Source: Flowizm / Flickr
One of the things we take for granted in this city are the tireless efforts performed by subway conductors. They oversee the same route back and forth, doing their best to get us where we want to go all day long, all while trying their best to keep us safe. Only to have some yahoo attack one of them in the middle of the day.
According to a report in the New York Post, a female subway conductor was punched at 3:00 p.m. at the Brighton Beach station this past Thursday. She was taken to Coney Island Hospital, where her injuries were deemed non-life threatening.
Now that I think about it, I left the Sheepshead Bites offices at 2:30 p.m. last Thursday. If you remember, it was really cold, wet and snowy that day. I was freezing my butt off waiting for an uptown Q at the Sheepshead Bay Road station, watching in increasing annoyance as three express B trains went by with no sight of a Q anywhere.
The train was obviously delayed because of this incident. Another reason to thank the jerk who attacked that conductor.
Visual News created a cool new graphic of the busiest subway stops in New York. I took a slice of the map to show you our area, which compared to Manhattan, is comparatively light.
Predictably, Times Square is the busiest station, averaging 182,170 riders, followed by Grand Central, 34 St-Herald Square, 14 St-Union Square and 34 St Penn Station.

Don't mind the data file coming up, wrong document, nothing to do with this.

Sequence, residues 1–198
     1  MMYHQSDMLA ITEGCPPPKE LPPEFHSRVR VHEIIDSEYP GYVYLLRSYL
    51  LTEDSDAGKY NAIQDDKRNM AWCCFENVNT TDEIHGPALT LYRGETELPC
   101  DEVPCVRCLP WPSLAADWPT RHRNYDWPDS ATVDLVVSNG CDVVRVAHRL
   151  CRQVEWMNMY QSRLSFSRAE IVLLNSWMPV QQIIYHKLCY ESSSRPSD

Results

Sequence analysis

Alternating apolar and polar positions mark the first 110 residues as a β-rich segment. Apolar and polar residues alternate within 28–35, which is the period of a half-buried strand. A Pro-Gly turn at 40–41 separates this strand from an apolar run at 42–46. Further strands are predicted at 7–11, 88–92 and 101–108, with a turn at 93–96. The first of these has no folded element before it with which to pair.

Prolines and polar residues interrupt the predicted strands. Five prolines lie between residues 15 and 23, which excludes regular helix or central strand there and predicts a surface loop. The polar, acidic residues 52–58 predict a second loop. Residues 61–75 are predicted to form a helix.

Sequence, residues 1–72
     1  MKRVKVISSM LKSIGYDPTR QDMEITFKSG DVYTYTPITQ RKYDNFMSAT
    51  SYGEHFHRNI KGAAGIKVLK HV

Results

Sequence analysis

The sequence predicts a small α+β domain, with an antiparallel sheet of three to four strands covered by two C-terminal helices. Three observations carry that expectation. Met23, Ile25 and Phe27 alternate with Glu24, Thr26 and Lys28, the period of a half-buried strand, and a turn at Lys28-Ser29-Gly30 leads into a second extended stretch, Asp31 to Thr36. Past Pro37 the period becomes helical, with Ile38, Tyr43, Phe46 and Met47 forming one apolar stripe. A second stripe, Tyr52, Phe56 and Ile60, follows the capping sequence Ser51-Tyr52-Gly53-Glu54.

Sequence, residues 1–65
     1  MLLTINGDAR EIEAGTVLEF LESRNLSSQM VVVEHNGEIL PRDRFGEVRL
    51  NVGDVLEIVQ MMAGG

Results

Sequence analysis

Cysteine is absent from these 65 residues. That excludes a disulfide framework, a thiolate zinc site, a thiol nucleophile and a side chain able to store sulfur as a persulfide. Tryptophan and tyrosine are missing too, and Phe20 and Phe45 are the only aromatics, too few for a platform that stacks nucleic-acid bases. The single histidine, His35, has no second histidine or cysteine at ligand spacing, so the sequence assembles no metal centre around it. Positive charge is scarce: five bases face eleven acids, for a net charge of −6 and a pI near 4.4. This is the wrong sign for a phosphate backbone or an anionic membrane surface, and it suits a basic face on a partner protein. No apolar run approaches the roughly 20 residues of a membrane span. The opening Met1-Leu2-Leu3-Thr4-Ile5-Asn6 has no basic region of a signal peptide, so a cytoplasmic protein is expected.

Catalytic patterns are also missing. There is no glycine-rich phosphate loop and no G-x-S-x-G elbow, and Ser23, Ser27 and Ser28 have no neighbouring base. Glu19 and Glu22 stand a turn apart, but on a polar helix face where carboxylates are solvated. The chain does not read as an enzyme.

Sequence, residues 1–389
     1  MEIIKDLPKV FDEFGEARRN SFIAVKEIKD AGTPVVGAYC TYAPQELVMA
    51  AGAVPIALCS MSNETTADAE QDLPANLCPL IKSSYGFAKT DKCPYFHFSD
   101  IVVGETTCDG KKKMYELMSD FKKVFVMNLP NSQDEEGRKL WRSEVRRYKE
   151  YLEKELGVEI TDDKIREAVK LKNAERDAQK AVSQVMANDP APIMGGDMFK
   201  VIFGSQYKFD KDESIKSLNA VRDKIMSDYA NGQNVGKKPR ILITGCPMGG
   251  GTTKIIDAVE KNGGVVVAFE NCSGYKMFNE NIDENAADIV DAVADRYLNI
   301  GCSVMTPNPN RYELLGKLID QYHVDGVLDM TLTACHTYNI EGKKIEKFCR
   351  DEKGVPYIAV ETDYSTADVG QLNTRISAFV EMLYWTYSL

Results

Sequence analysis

Based on Visual News’s chart, the Sheepshead Bay and Brighton Beach station sees about 10 to 19,000 riders per day. Bensonhurst stops are comparable to Sheepshead Bay. Interesting stuff.
Screenshot from NY1 report.
The Kingsborough Community College yellow buses that have been shuttling students from the campus to the Brighton Beach subway station is now in jeopardy, as school officials threaten to cut the program following complaints that students are using the rear emergency exit to disembark.
NY 1 reports that locals are complaining about students dangerously jumping from the rear door in the packed shuttle buses, rather than make their way to the front when the buses arrive at the station.
The school launched the shuttle program several years ago to alleviate crowding on the B1 and B49, by providing an alternate way for students to get to the station. A cancellation of the program would put hundreds of students back on city buses.
But the school isn’t giving the ax to the shuttle buses, operated by SAFE Coach Bus Company, just yet. In the face of complaints, they’ve placed school safety officers on the buses and are warning students of the risks of using the back door.
The bus company, though, is also coming under fire from the MTA, which claims that the yellow buses are pulling into city bus stops, forcing the B1 to pull two car’s widths away from the curb, discharging passengers and disabled riders into the street rather than the sidewalk. The school said SAFE is now working with the MTA and the NYPD to find a better place to let passengers out.
The MTA said they’re also adding more B1 and B49 buses to the route, beginning next week.